10. Research and educate yourself on things your child is interested in to find the educational or brain stimulating qualities.Does it stimulate their imagination? Does it help them to become deeper thinkers? Does it challenge their comprehension?  Don’t be afraid as a parent to put restrictions, especially through the summer, on things that serve no purpose. I still am unable to find the advantage of letting my daughter watch Disney Channel.

These are just some of my methods that I use to help combat the summer slide for my child. What are some things you do? I would love to hear your suggestions and comments!

Rahni’s Book Club

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I have been saying for months that I was going to start a children’s book club, and today, I finally did. I called the library and reserved a meeting room for our first official meeting. It will be in a month and now I have to invite people and find a book.
There is no particular age range for the club, but the books will be appropriate for kids aged 7 to about 10 just because I don’t want the books that we select to be too difficult or too easy. Since Rahni is 8 and most of the kids that I am going to invite are around her age give or take a couple years, this should hopefully work out. Of course we can always make adjustments as necessary.
Upon looking for our first book selection, I came across some very interesting books that I have never seen before. It seems like these days there is no shortage of books or authors for children to choose from. While representation of ethnic diversity is lacking in characters, today I have found, despite my initial thought, that there are a good amount of books that have both female and male main characters. Admittedly, I usually do not browse for books that boys specifically would be interested in because I don’t have a son. However, when we do go to book stores and libraries, I notice a lot more books with a lot more female protagonists.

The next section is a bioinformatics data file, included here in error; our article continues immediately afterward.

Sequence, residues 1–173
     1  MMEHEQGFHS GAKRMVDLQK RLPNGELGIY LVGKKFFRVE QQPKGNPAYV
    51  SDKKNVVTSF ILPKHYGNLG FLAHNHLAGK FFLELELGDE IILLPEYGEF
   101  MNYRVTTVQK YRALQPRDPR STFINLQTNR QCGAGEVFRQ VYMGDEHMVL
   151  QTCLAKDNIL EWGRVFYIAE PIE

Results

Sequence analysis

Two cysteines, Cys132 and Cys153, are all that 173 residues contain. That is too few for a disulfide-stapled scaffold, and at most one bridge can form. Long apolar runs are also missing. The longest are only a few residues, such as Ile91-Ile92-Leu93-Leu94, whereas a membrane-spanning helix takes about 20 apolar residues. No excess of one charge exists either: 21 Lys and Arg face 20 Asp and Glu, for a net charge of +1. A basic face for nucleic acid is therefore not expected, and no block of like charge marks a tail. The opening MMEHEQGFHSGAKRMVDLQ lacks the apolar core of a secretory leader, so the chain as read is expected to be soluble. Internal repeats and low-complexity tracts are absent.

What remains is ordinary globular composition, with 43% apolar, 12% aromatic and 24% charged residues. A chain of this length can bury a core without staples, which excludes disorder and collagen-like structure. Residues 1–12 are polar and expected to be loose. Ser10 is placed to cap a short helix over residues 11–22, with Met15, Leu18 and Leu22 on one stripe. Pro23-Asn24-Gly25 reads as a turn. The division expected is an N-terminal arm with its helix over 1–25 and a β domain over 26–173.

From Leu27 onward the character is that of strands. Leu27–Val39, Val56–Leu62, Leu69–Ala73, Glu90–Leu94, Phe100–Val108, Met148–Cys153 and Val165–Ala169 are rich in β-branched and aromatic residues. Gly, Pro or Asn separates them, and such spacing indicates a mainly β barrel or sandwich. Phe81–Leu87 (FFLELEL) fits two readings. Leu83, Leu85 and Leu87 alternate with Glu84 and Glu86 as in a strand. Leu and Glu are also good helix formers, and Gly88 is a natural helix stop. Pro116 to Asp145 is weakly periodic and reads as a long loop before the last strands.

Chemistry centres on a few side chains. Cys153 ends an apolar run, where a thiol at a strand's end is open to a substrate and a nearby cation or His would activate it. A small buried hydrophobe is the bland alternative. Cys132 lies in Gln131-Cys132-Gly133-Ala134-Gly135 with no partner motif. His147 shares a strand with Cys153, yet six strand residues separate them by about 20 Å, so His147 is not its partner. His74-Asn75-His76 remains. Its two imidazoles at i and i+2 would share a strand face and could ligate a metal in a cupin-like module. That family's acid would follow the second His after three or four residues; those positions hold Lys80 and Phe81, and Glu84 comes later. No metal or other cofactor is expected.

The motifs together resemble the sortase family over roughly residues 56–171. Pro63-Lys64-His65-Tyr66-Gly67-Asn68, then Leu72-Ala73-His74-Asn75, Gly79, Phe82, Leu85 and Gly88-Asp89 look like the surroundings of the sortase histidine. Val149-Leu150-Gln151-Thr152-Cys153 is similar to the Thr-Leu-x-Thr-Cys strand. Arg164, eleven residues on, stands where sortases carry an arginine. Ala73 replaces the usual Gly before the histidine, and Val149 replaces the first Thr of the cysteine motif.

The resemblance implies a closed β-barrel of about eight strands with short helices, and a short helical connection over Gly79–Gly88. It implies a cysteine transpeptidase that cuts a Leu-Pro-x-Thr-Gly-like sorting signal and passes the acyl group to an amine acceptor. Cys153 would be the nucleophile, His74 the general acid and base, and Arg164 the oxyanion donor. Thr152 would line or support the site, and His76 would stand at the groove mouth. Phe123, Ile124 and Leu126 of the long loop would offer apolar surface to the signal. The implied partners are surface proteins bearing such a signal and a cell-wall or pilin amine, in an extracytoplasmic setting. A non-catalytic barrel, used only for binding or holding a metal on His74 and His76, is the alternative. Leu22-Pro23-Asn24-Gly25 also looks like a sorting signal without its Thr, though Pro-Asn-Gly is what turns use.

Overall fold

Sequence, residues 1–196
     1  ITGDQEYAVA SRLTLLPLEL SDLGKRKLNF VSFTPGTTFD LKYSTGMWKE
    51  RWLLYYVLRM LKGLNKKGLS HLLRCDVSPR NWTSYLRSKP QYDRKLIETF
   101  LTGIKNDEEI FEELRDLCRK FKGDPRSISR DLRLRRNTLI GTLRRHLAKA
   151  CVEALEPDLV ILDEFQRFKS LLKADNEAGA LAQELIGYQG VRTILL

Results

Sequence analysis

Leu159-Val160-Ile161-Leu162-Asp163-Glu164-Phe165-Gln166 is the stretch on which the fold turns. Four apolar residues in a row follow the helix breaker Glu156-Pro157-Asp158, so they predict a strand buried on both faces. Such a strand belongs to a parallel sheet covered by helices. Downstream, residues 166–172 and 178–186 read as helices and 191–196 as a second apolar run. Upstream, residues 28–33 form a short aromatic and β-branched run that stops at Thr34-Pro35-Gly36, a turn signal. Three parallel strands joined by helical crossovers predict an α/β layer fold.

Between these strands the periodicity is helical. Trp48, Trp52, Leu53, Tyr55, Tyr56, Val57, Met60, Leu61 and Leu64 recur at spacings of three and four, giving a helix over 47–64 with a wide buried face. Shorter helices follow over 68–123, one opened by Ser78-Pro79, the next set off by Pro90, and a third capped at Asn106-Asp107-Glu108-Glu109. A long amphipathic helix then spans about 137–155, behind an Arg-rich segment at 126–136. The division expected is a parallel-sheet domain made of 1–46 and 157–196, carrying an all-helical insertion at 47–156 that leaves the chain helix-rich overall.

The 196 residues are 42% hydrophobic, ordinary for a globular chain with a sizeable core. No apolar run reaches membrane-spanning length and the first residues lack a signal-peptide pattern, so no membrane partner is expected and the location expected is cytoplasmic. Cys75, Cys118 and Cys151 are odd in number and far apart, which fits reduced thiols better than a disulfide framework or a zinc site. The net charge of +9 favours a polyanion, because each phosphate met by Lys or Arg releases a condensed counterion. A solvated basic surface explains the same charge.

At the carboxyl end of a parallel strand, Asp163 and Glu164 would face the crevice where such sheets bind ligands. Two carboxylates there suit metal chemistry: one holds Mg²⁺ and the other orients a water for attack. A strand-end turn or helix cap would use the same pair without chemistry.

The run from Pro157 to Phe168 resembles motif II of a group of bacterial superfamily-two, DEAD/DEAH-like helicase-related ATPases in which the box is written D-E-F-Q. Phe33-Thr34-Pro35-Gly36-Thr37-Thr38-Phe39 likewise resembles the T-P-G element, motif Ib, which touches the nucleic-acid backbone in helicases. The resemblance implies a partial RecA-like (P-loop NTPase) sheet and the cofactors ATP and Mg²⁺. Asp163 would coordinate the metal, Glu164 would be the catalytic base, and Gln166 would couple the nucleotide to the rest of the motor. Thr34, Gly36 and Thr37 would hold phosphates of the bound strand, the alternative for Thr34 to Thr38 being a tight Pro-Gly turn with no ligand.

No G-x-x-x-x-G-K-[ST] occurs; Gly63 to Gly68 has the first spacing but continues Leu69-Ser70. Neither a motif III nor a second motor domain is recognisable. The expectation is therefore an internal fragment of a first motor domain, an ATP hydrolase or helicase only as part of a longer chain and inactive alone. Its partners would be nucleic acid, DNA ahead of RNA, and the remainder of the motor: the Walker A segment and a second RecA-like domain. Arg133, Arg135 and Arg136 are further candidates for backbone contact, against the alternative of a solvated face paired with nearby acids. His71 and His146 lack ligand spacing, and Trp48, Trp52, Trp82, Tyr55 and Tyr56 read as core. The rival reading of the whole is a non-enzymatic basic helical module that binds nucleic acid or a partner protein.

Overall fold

When I asked two of my trusted mommy friends about books that both boys and girls would like, they both gave me 2 really good options; one being Sweet Farts series book #1 by Raymond Bean and the other was the Rotten School series book #1 by R.L. Stine.
I never knew the R.L .made any series outside of Goosebumps, so this came as a pleasant surprise to me. The series is not scary, but is funny, and has a good amount of the gross humor that kids tend to like. The first book is titled The Big Blueberry Barf-Off, if that tells you anything. I read excerpts from the book and it seems to be about a very annoying and bratty kid that challenges another kid that is just as bratty to a pie eating contest. It seems legitimately funny and there are short chapters and great illustrations.
Before today, I ashamed to say that I have never heard of author Raymond Bean. He writes children’s humor book series Sweet Farts and School is a Nightmare. He also has a series titles Benji Franklin that I absolutely fell in love with after reading an excerpt from book #1 Benji Franklin Kid Zillionaire. Benji is a child genius and inventor. He wins an award for one of his inventions and becomes the world’s first and only zillionaire. It is a book about creativity, imagination, and also good will. This is definitely a book that goes on our “to read” list.

These are some of the books that I think would be great options, some are newer and some are classics, either way  I think they all appeal to boys and girls.

Click the links after the photos for more info!

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The Magic Shop (series) by Kate Egan
Elray Jakes (series) by Sally Warner 
Club House Mysteries (series) by Sharon Draper   
Diary of a 6th Grade Ninja (series) by Marcus Emerson
Tales of a Fourth Grade Nothing (series) by Judy Blume
The Mouse and the Motorcycle (series) by Beverly Cleary
Freckle Juice by Judy Blume
How to Eat Fried Worms by Thomas Rockwell
Friendle by Andrew Clements
The Chocolate Touch by Patrick Skene Catling
Stuart Little by E.B. White
George Brown Class Clown (series) by Nancy Krulik

Check It Out!

(photo from lifeofzarf.com)

This is going to be a very quick post because 1. I am on lunch break and 2. I only have 10 minutes left:)